Lynn has posted this concise and thoughtful introduction to writing flash at the recently started Texture Press wiki.
(The wiki has just gotten started–but you can see where Texture is headed with it–a resource for writers, readers, with entries written with a bit of personality!)
Check out some offerings (workshops, readings) from Lynn Levin:
She’ll be presenting a workshop at Art at Valley Lake Gallery in Horsham. The event will take place on Saturday, May 16th, 10 a.m. to noon. More information here: https://www.artatvalleylakegallery.org
Contact Sr. Linda Arico.
Check out the fall offerings at Musehouse in Mt. Airy.
Lynn Levin is offering two four-week courses in October, one on working with prompts for poetry writing, and the other in writing poems using short forms (triolet, rondel, and so on).
Amongst others offering workshops this fall are Kristina Moriconi, Grant Clauser, and Leonard Gontarek.
Here’s their full catalog:
Lynn Levin and I are offering a workshop at Poets House (in NY). It’s a two-day intensive (4 hours on each day) happening on July 26/27 (Saturday 2-6/Sunday 12-4).
Here’s the workshop description:
We have within us our own stories, memories, and artistic influences—the subject matter for poems—and often all we need is the right kind of creativity-boosting prompt to help us shape that material into a poem. Valerie Fox and Lynn Levin, co-authors of the new craft-of-poetry text Poems for the Writing: Prompts for Poets (2013), will conduct a weekend workshop exploring several of the unique prompts in their book. We will find inspiration and guidance in these prompts, which are all classroom and workshop tested. This fun, positive, and supportive workshop will include some in-class writing and sharing. No poetry experience is required;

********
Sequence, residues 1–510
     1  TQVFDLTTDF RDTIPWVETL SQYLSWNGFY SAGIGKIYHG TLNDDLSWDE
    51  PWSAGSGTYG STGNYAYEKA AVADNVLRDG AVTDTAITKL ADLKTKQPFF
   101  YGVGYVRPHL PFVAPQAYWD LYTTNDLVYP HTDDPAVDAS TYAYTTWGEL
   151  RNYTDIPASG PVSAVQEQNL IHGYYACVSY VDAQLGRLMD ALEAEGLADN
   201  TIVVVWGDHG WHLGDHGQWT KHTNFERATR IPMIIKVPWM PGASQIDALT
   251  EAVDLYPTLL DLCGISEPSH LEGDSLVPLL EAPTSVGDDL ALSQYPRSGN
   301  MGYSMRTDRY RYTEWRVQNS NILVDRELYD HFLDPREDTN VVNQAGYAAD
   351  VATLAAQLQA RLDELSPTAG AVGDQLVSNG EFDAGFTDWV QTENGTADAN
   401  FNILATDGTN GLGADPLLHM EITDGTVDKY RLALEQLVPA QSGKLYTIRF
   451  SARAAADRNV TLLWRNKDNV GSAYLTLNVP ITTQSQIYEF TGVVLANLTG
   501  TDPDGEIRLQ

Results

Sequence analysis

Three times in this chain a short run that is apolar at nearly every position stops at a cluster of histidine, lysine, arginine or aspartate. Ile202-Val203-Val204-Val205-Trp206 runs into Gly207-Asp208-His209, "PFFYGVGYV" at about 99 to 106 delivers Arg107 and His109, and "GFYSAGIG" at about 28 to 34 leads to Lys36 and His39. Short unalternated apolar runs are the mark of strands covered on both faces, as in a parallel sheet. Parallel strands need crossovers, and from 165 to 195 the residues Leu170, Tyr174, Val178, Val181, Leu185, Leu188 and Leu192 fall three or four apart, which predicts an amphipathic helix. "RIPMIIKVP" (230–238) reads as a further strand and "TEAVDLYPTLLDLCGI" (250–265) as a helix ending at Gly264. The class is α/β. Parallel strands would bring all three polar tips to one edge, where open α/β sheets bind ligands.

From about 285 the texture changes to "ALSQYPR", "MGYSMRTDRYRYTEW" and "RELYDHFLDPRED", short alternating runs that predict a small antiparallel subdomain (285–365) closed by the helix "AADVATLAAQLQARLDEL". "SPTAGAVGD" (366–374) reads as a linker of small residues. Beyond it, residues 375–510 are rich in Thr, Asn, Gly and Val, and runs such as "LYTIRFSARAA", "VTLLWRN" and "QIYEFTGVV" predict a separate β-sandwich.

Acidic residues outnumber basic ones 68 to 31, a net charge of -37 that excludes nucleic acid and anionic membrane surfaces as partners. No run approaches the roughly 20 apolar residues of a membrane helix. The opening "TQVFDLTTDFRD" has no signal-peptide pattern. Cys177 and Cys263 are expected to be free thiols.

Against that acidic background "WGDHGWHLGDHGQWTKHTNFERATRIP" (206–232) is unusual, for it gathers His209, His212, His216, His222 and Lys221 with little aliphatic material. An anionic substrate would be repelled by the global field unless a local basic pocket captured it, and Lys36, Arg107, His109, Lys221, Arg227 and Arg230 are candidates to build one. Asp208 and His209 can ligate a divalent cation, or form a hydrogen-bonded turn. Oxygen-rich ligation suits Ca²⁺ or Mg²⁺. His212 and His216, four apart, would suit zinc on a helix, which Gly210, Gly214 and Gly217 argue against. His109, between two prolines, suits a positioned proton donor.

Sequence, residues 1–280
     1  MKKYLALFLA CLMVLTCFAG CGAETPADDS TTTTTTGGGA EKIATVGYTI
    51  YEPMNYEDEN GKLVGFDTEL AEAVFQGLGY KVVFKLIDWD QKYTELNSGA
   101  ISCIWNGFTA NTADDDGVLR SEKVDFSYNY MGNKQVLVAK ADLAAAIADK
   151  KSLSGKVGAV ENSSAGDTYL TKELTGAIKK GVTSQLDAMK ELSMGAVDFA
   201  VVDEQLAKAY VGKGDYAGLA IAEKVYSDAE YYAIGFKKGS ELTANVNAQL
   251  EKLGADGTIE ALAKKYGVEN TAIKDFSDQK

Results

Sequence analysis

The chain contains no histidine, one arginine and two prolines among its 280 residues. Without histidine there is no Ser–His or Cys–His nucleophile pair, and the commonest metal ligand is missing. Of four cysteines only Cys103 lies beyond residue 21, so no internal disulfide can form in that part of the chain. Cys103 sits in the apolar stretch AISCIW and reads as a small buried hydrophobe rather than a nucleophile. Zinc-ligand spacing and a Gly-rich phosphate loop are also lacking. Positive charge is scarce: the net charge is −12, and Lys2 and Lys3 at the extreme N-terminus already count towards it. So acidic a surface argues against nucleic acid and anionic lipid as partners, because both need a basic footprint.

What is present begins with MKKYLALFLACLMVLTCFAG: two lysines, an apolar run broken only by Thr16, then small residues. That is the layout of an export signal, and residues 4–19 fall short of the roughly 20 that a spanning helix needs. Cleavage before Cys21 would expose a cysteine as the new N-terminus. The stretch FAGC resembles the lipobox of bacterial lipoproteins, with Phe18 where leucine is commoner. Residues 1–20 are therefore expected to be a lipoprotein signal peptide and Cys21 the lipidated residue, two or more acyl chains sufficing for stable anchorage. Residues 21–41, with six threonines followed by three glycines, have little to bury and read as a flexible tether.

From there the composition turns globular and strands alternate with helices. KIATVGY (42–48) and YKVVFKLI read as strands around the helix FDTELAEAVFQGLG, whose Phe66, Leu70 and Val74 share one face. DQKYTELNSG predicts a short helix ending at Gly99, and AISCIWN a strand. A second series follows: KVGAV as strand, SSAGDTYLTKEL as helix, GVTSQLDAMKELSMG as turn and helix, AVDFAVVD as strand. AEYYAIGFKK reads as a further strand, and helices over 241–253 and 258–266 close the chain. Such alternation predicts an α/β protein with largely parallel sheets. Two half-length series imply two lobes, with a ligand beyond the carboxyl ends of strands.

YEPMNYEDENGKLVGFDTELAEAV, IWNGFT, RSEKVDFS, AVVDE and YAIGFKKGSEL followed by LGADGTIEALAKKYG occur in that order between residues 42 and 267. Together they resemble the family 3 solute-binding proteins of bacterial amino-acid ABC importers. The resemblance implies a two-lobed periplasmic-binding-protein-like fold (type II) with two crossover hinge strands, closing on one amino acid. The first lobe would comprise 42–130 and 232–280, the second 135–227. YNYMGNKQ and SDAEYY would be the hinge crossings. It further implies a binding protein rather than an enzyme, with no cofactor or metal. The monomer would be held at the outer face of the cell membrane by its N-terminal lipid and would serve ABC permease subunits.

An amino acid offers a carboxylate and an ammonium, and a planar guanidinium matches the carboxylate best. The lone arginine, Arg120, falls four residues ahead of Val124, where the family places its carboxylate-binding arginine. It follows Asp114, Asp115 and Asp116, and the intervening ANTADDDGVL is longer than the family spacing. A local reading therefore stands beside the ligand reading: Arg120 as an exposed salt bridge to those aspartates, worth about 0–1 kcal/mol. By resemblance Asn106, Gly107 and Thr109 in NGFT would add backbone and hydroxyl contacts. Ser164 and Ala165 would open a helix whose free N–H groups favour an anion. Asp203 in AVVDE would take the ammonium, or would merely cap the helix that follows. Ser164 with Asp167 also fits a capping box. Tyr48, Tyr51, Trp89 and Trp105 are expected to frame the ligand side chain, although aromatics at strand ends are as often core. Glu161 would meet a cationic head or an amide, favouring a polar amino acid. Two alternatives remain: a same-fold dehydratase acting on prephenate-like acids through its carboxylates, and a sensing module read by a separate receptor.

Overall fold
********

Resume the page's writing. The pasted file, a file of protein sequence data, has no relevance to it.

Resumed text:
Here’s Ruth Deming’s blog report on the workshop she attended this week given by Lynn Levin at Huntington Valley Library. Ruth not only gives an account of the workshop, but shares some of her new poems.
Thanks, Ruth, for giving us permission to share–
Get a bag of conversation hearts and incorporate several of the tiny sayings into a poem.
If you’re teaching, pass around the hearts and ask everyone to take 3 or 4 for their poem.
Have fun with this!–Lynn Levin
All semester I have been hammering in the notion to use image, image, image to convey ideas in my students’ writing projects. Today we used the cinquain exercise in my creative writing class. The adherence to syllabics forced them to prioritize image and to be concise. I am looking forward to using more exercises soon. –Kelly McQuain, Associate Professor of English, Community College of Philadelphia